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Arts & Letters Daily

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Grammar Tutorial – Verbs (Action and no-action)

Let’s see what sentences look like without verbs. Here are some:
  • Jane the piano.
  • The dog at the car.
  • My sister smart and beautiful.
  • Your Band great!
I think you get the picture … these sentences don’t make any sense. What’s missing? … VERBS. Let’s add some verbs to these sentences:
  • Jane plays the piano.
  • The dog barked at the car.
  • My sister is smart and beautiful.
  • Your Band sounds great!
Look at this paragraph which has no verbs … try to read it with me.
I always to drive. First, I a tricycle. I my tricycle because I much faster than I. When I school, my parents me a bicycle. It not new, but I it very much. I really fast. When I an adult, I a motorcycle. They very fast! I cannot to get one.
Now let’s read the paragraph with verbs added to each sentence.
I always wanted to drive. First, I got a tricycle. I liked my tricycle because I could drive much faster than I could walk. When I started school, my parents bought me a bicycle. It was not new, but I liked it very much. I could drive really fast. When I will be an adult, I will want a motorcycle. They go very fast! I cannot wait to get one.
Verbs are a lot of fun … once you know how to use them. Whenever you use a vivid verb, your readers can practically see, hear or feel the action. Listen to this sentence:
  • The car crashed into the oak tree. Can you hear the car crash into the tree? I can!

Or imagine this picture:
  • A flash of lightening lit up the dark evening sky. Can you see the flash of lightening light up the sky? I can, in my imagination!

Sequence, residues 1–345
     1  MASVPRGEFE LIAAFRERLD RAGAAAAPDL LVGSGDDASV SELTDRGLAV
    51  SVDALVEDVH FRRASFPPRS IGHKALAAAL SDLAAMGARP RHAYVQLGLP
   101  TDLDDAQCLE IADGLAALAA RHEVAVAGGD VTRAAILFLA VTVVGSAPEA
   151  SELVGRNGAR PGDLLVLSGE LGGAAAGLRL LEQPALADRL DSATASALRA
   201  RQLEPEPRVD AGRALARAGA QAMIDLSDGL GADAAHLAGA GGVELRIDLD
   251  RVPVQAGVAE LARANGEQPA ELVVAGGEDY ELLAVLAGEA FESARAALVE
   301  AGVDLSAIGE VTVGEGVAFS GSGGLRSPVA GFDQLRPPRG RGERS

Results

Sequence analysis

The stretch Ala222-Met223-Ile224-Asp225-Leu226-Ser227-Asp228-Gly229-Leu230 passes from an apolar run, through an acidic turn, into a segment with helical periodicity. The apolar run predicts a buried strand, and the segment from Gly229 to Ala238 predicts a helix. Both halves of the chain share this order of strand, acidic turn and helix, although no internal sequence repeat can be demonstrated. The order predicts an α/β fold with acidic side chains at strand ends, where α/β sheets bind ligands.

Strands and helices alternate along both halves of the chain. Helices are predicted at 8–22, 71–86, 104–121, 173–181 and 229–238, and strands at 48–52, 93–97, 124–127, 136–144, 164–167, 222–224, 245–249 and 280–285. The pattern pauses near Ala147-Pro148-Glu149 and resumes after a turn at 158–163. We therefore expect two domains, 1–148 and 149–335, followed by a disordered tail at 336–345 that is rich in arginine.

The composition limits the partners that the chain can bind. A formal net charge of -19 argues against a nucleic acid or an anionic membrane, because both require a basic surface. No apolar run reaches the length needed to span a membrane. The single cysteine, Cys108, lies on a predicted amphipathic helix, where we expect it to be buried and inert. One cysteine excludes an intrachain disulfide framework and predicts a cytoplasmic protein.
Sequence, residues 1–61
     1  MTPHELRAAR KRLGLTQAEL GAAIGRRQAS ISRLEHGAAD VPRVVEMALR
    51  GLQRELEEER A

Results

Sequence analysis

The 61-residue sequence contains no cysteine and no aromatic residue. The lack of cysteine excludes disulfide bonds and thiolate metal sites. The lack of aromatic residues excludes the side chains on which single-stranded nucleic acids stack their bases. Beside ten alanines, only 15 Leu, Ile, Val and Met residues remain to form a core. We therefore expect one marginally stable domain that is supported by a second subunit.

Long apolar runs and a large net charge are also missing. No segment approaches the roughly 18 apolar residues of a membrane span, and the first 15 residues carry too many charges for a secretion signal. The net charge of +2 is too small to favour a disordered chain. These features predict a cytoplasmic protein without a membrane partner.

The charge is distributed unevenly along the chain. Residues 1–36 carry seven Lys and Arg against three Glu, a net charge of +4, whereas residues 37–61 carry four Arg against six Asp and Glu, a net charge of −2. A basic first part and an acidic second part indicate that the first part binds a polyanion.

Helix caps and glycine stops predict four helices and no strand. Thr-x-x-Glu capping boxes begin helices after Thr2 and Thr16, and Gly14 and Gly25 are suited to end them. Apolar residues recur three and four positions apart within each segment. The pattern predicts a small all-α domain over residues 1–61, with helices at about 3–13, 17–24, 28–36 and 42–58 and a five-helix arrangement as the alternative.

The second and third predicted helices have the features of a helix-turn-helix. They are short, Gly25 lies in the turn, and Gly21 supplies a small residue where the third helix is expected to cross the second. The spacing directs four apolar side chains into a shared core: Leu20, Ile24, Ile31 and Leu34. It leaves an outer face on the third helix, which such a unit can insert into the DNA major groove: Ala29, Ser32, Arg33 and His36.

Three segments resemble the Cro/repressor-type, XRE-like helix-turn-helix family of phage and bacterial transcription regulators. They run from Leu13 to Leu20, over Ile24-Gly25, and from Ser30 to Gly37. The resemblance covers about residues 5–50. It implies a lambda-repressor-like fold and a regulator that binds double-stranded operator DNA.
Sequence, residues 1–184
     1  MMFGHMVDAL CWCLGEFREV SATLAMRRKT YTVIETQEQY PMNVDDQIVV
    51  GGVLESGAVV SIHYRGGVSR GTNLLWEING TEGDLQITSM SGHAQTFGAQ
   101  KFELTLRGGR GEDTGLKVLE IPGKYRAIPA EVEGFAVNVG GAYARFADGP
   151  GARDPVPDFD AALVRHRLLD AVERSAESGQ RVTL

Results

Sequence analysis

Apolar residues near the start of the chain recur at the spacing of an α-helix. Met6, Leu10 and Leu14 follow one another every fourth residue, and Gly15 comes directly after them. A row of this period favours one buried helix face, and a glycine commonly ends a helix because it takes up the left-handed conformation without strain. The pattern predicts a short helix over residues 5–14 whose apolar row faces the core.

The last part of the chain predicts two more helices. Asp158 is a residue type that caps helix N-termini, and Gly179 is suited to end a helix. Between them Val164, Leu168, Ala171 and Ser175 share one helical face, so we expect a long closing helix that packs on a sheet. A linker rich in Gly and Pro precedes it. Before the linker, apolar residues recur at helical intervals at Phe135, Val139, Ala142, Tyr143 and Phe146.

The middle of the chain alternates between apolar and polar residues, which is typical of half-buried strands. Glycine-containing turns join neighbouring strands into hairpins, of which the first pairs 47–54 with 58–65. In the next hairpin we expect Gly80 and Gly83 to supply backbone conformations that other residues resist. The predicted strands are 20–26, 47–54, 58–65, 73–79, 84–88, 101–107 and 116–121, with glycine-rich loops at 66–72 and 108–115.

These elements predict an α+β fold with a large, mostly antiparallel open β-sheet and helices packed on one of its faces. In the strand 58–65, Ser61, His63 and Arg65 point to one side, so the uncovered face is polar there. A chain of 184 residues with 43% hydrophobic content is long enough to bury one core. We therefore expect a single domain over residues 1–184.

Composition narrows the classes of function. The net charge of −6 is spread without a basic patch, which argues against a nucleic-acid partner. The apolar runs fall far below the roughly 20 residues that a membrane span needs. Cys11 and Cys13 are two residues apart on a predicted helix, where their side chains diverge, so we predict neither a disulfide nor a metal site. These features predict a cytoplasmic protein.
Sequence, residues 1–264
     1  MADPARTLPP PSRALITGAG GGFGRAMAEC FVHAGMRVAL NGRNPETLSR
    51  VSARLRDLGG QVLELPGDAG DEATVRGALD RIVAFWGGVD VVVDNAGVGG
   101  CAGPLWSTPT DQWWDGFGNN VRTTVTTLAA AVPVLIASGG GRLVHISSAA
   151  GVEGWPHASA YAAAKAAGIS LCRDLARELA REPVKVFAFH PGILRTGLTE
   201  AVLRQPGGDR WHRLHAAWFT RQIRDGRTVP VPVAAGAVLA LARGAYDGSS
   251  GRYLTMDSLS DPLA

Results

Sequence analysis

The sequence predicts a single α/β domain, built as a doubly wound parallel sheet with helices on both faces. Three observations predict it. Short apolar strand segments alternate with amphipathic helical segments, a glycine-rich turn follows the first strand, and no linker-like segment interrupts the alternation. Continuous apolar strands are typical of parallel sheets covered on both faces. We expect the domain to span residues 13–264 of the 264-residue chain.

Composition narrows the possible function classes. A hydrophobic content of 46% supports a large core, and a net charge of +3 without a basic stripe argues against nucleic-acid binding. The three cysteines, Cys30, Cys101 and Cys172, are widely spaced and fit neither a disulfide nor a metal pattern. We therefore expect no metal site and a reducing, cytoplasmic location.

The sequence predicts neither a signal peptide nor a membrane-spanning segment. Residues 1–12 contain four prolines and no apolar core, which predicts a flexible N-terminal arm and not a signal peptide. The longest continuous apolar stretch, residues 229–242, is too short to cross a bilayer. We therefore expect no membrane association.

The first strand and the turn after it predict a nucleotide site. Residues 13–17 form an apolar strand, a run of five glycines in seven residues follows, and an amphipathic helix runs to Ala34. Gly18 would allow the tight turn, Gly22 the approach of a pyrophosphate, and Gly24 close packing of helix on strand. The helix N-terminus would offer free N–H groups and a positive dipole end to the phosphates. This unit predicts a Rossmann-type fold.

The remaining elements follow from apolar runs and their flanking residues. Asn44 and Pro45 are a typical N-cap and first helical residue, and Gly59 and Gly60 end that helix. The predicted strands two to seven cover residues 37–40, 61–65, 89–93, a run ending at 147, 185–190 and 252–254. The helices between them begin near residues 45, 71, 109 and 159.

So, the use of verbs can really make a big difference for your readers. Every sentence must have a verb. There are two kinds of verbs:
  1.      Action verbs
  • Action verbs with no object
–         The train stopped. (‘Train’ is the subject (noun) and ‘stopped’ is the verb that describes the action of the train.

  • Action verb with an object … the action is transferred to an object.
–         Some children climb trees. – ‘Children’ is the subject (noun) and ‘climb’ is the verb and ‘tree’ is the object.

2.      No Action Verbs (also called ‘state of being’ verbs)
No action verbs link the subject to a noun or adjective in the predicate. The verb ‘be’ is the most common and most irregular ‘no action verb’. They include: am, are, is, was, were, will be.
Verb ‘Be’ Present Tense Past Tense Future Tense
First Person singular I am I was I will be
Second Person Singular You are You were You will be
Third Person Singular He/she/it is He/she/it was He/ she/it will be
First Person Plural We are We were We shall be
Second Person Plural You are You were You will be
Third Person Plural They are They were They will be

 

Other no action verbs include: appear, become, feel, grow, seem, look, prove, remain, keep, smell, sound, stay, taste, turn.
No action verbs can be used in two different ways.
  • First, no action verbs can be followed by a noun which says something about the subject.
–         My brother is a soccer player. (‘brother’ is the subject and ‘soccer player’ is a noun referring to ‘brother’.  They are connected with the ‘no action verb’ ‘is’.)

–         Bob is a farmer. (The word ‘farmer’ is a noun that describes who Bob is.)

  • Second, no action verbs can be followed by an adjective which describes the subject.
–         My forehead feels hot. (‘feels’ is a linking verb that joins the subject ‘forehead’ with the predicate adjective ‘hot’.)

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 Try the following activities to find out how well you understand action and no action verbs:
After you have watched this Lesson, go to www.sponsoravillage.ca, for assignments on verbs.
Go to GRAMMAR in the top navigation bar and click on VERBS.
To send any questions you may have about grammar, go to www.sponsoravillage.ca and click on ASK Dr. OTTO. I will reply to your questions as quickly as possible.